Do you ever listen to audiobooks?
Oral storytelling is one of the most ancient art-forms. Stories have been passed on by word of mouth to entertain, educate and inform from generation to generation, long before recorded history.
Although these oral traditions have changed, the desire to TELL and HEAR stories remained constant. This is why hearing loss can have such a significant impact on everyday life.
The sudden change in hearing ability after receiving new hearing aids or cochlear implants impacts most aspects of your life, but listening exercises can vastly improve one’s auditory skills.
Those who are unable to participate in conversations can experience feelings of loneliness, isolation, and frustration. Thankfully, there are ways to rehabilitate from the loss of hearing, through technology and auditory training.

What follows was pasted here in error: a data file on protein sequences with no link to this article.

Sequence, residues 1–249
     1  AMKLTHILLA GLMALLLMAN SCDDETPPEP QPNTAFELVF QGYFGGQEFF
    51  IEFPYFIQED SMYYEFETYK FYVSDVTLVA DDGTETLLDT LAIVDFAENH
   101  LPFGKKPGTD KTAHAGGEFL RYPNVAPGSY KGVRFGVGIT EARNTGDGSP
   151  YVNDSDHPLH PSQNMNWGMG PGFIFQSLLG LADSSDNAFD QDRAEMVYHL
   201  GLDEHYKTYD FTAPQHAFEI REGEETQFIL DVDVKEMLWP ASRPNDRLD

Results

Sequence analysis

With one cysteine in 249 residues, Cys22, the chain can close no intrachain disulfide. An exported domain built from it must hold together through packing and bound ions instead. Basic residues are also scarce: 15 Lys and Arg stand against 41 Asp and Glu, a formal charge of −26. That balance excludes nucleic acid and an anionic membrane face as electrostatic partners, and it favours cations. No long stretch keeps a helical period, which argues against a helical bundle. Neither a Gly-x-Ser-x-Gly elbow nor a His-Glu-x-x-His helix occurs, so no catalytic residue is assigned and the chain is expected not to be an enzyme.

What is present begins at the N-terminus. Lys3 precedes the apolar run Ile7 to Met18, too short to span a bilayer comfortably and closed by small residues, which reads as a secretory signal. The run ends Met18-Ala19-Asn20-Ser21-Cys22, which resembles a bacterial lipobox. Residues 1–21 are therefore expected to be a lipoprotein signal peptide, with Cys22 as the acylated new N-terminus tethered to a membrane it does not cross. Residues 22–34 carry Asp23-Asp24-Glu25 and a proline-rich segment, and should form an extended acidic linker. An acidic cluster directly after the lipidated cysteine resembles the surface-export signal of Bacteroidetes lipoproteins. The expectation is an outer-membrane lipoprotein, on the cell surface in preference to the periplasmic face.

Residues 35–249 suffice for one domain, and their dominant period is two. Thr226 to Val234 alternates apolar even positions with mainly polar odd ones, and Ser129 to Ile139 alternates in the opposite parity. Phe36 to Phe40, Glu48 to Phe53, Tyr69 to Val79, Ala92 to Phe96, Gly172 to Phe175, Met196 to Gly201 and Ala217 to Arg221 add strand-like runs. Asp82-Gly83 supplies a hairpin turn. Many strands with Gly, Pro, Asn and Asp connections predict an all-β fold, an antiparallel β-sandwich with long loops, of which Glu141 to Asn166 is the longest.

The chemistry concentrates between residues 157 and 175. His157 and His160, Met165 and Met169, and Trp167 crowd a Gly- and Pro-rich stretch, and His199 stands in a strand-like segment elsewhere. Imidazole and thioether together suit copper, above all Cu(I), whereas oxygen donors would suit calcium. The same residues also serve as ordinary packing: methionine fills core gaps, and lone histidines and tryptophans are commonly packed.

Home Based Rehab Using Audiobooks
Audiobook exercises can be conducted at home or as part of an Auditory Rehab program. A Rehab Specialist, such as a rehab audiologist, an auditory verbal therapist or speech pathologist, can guide and coach you on the strategy, as well as recommend sessions where family or significant others can join in and learn effective communication techniques. Therapy-based services can help you successfully put the pieces of the communication puzzle together.
Today, a new era of oral storytelling or audio books is booming with mobile technologies such as smartphones, tablets, and multimedia entertainment systems in cars and podcasts over the internet.
Audiobooks, especially, are easily accessible and an enjoyable way to practice listening that can be completed independently at your own pace. They are particularly useful for patients who might have difficulty finding a suitable conversational partner. Auditory training at home with audio books and the corresponding texts is an enjoyable rehabilitation option that spans the scope of a beginner to experienced cochlear implant user.
How To Begin With Audiobooks?
READ ON AT: How to use audiobooks for hearing rehab